Sunday, December 23, 2012

The Sunday of Genealogy

Oh, no. Not THAT Sunday again.  Oh, yes, the Sunday before Nativity is when the priest reads the Gospel passage from that of St. Matthew detailing the 14 generations from Abraham to David, the 14 generations from David to the Babylonian Captivity and the 14 from the Babylonian Captivity to Christ's incarnation and birth.  As far as interesting goes, this is probably one of the few passages most people would skip over if they were to read the Gospel according to St. Matthew since it reads like a laundry list or grocery list.   Why do we bother with it?

Well, perhaps we should first ask why it was included in the narrative in the first place.  If anyone has any experience reading oral epic poems that were later written down, one would notice that lists are a trademark of that particular genre.  The lists serve any number of purposes.  For instance, in Book II of the Iliad, Homer gives the famous "Catalogue of Ships."  It details all the Greek heroes who came to Troy, in how many ships and where the Greek heroes came from.  A much shorter catalogue is given for the allies of the Trojans at the End of Book II. 

We must remember that our society is a text society; the ancient world was an oral society even if there were people who could both read and write, but the percentage has to be around 3-5% worldwide, if that.  Literature was recited and meant to be recited.  At great festal occasions like weddings, funerals, parties, epic poems or other oral poems were recited by professionals.  And these professionals were singing for a particular group of people who probably wanted to hear a particular story.  And since these events were family affairs, the family would want to hear tales which involved their family.  Thus, the catalogue of ships.  It is reasonable to assume that the famous Catalogue of Ships was recited to family who claimed lineage or kinship with the great heroes who fought at Troy.  It's no different from today when a person takes personal pride that his grandfather fought at Normandy or Kiev or the Battle of the Bulge or Iwo Jima or took part in the Doolittle raids.  These lists are meant to foster connection between the "mythic" world of the past and the current age now.

With Matthew's genealogy, we are meant to make connections between the God-Man Christ and his ancestors.  And this connection was one of blood.  Christ did not simply appear, but became Man taking on flesh, the flesh he received from his mother.  What's even more striking is that this list is not populated with necessarily the most outstanding pillars of virtue.  Let's look at a few.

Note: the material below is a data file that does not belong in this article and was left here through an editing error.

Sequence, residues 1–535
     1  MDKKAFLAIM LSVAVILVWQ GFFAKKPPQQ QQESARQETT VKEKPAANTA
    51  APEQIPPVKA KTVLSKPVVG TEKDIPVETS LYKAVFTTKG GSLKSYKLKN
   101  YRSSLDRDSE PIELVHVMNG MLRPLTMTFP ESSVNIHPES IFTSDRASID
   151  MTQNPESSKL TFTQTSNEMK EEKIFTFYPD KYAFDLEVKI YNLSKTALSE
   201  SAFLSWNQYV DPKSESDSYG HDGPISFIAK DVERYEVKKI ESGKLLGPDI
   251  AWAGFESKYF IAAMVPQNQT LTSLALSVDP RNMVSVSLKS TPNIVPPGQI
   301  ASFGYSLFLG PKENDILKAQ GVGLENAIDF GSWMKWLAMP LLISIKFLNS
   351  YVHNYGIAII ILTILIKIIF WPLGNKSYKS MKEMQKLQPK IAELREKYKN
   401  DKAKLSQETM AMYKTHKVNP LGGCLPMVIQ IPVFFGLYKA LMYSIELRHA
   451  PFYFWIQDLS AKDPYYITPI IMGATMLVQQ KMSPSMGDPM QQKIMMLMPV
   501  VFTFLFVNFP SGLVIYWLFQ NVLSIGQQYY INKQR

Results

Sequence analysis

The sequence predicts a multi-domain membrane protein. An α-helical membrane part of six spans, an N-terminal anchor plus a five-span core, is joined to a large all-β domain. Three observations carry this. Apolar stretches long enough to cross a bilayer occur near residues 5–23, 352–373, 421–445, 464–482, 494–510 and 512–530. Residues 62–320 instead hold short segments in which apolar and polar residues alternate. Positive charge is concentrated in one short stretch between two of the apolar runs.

Judah--After having become a widower, he indulged his lusts with a woman he thought was a prostitute, who turned out to be his daughter-in-law, Tamar.  When she was found to be pregnant, Judah ordered her execution only to find out that it was he who caused her pregnancy in the first place.  He spared her and realized his own sin.

David--David was both an adulterer and a murderer.  Wanting to take Bathsheeba, wife of Uriah the Hittite, for his own, he ordered Uriah into a battle which he had little chance of surviving so that Bathsheeba would be his.  Eventually, he would repent of his lust and his murder and this comes down to us in Psalm 50 (51).

Manasses--The Assyrians had destroyed the Kingdom of Israel years before so only Manasses' kingdom of Judah remained.  In his role as king, he undid the reforms of his father, Hezekiah and re-instituted pagan worship and idolatry.  Later, he repented of his and was forgiven.  The Prayer of Manasses, used by the Orthodox at Great Compline, is his prayer of repentance.

Jechonias--His reign and his sins were so bad that there was no longer a Kingdom of Judah as he and the Jews were carried off to Babylon.  Because of him, God cursed him and swore that no one borne of Jechonias' line would ever sit on the throne of Israel.

This is just a small sample.  Of course, Abraham and Isaac and Jacob did some pretty bad things, too.  The point is that Jesus' ancestors were not great pillars of virtue and fear of God.  They were idolaters, lustful for power, women, murderers, etc. And yet, Jesus was pleased to be born of this line.

St. Gregory the Theologian remarked that "anything unassumed by Christ [in His Incarnation] is unhealed."  Christ came into this world from family that was wounded by many sins, mortally wounded.  The Irmoi of several canons state that the Lord appeared NOT as an angel NOR as an ambassador but incarnate of the Virgin.    He is one of us; He is not mere human but entirely human. We are the mere humans,  mere likenesses to humanity and corrupted.  If Christ could come from the most sinful among us and still carry flesh uncorrupted by sin, which he would redeem by His coming, His death, His Resurrection and His Ascension, then the battle against the flesh which we wage every day should be winnable because of what He did and what He was up against.

The Sunday of Genealogy is more than just names. It reveals why God had to become incarnate and not just appear:  To save everyone from all sins which had been committed since the beginning.

No comments:

Post a Comment